Generic Diff Format Specification

Submitted to W3C August 21, 1997

This document is available at:
Arthur van Hoff, Marimba Inc.
Jonathan Payne, Marimba Inc.

Status of this Document

This document is a NOTE made available by the W3 Consortium for discussion only. This indicates no endorsement of its content, nor that the Consortium has, is, or will be allocating any resources to the issues addressed by the NOTE.

This document is a submission to W3C from Marimba. Please see Acknowledged Submissions to W3C regarding its disposition.

W3C staff note:

This document was submitted and should be considered along with NOTE-drp.

The Consortium is pleased to have received this specification as a submission, and acknowledges the interest in such a  mechanism indicated by several member companies.

The proposal will be discussed at the W3C workshop on "push" technology in September.

That workshop will give participants a chance tocomment on the path the consortium should take. At this time we are not promising any allocation of further W3C resources tothis proposal after the Push Workshop.

This technology impacts URI specifications, HTTP, and includes anew XML mime type. Much of the functionality should be able to be provided by the Resource Description Framework currently being developed in the metadata activity. There are other components of the DRP proposal that have requirements in common with other W3C and IETF activities(notably DSig Manifests and WEBDAV versioning) and should this proposal be actively considered, W3C will work to insure the harmonization of the related activities.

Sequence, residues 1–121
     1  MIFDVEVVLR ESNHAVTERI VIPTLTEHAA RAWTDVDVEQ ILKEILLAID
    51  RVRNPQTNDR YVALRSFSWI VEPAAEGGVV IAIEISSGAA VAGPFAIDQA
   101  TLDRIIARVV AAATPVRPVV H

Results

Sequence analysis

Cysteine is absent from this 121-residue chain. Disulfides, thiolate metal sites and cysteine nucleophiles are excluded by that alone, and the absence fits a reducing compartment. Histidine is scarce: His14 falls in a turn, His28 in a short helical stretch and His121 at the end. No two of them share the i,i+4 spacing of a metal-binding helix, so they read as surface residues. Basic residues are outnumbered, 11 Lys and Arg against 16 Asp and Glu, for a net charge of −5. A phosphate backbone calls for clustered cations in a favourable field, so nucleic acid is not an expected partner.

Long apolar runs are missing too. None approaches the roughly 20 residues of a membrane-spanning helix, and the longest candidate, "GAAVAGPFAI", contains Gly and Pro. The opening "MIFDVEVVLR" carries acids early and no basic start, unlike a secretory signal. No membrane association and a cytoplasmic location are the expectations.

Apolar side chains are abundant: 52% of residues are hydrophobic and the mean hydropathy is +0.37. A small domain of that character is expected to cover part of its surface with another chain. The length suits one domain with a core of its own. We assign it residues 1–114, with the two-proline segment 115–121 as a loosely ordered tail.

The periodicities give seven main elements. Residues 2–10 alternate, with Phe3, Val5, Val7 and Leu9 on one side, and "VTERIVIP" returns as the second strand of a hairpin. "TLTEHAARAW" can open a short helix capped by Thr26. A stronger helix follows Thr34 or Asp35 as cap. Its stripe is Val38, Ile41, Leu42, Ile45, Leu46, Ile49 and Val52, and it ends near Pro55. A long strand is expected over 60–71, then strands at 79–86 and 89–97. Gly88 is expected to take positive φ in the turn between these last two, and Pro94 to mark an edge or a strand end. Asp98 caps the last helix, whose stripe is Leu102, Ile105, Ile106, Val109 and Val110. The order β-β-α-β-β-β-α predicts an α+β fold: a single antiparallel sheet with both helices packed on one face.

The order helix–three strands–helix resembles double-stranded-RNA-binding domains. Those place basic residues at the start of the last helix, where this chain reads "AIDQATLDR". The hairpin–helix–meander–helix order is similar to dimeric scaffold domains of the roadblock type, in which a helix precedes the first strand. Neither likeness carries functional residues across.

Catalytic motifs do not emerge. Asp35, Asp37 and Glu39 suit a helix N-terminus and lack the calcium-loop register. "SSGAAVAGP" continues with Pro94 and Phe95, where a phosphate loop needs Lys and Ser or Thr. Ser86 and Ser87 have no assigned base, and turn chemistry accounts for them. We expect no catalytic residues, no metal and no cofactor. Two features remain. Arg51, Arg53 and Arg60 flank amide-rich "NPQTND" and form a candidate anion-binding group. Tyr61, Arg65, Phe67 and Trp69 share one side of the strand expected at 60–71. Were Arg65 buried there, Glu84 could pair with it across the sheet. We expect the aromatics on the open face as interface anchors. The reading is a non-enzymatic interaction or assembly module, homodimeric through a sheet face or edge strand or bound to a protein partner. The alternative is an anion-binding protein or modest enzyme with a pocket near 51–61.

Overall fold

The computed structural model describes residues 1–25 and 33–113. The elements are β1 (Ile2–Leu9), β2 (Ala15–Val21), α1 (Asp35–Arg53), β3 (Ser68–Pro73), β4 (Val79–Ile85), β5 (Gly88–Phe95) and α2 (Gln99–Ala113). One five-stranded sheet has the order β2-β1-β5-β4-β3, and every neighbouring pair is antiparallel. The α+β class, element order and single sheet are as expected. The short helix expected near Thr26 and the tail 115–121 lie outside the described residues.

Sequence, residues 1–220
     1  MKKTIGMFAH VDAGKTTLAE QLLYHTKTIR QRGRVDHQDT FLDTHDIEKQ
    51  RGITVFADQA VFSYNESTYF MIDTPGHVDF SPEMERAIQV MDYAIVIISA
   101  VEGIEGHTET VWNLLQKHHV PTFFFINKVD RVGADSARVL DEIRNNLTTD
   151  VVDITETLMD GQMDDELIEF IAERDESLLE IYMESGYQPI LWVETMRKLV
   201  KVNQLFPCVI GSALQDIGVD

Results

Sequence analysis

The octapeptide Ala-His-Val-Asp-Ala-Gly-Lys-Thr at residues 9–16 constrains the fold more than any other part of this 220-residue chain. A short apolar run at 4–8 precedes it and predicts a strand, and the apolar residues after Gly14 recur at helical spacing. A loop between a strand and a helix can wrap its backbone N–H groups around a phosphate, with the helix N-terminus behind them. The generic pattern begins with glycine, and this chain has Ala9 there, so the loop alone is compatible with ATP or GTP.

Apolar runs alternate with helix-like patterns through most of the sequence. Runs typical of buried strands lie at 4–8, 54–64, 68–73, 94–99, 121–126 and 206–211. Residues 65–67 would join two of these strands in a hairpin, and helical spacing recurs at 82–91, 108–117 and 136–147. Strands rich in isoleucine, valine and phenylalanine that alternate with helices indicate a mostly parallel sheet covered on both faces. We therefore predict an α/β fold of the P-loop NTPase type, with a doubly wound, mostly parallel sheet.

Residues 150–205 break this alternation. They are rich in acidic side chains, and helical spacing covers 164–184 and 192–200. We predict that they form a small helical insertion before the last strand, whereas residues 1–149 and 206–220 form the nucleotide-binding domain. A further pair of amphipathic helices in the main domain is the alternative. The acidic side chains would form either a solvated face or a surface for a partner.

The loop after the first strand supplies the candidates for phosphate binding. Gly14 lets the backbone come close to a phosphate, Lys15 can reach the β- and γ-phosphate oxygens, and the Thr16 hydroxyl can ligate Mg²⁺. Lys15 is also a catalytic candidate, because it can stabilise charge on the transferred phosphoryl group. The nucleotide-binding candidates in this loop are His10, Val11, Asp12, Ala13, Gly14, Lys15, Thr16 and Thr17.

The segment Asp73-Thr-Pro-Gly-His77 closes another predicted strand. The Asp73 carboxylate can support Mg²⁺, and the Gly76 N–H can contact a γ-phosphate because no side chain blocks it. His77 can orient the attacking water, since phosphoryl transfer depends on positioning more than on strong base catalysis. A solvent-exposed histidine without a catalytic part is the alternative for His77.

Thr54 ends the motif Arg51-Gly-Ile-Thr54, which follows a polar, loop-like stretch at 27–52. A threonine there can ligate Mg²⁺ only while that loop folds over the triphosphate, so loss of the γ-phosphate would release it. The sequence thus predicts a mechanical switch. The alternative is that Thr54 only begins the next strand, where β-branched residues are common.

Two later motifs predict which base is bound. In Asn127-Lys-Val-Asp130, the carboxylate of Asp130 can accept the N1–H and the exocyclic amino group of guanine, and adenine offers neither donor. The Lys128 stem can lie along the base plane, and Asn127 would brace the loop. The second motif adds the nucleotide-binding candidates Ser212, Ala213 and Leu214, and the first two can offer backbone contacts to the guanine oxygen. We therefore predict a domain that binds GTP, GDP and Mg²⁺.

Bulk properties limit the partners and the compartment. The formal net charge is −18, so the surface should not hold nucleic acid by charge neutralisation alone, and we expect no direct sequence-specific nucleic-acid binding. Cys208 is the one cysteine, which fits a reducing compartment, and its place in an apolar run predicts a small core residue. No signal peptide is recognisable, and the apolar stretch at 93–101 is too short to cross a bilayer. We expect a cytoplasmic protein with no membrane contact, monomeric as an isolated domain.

This document provides a specification of a generic file format for representing the differences between two files.

Table of Contents

1. Introduction

2. The Generic Diff Format

3. Conclusion

3.1 References

1. Introduction

This document describes the Generic Diff Format (GDIFF). The GDIFF format can be used to efficiently describe the differences between two arbirary files. The format does not make any assumptions about the type or contents of the files, and thus can be used to describe the differences between text files as well as binary files. The GDIFF format is itself a binary file format.